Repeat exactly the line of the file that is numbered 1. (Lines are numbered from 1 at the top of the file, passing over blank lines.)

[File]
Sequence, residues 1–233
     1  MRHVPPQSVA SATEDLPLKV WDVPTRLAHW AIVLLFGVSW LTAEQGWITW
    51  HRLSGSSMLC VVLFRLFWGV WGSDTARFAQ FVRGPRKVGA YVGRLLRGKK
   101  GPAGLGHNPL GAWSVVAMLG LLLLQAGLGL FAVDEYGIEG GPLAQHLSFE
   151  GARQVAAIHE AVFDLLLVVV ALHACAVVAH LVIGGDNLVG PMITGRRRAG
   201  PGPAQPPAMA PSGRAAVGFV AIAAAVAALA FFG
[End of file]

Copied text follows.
Sequence, residues 1–233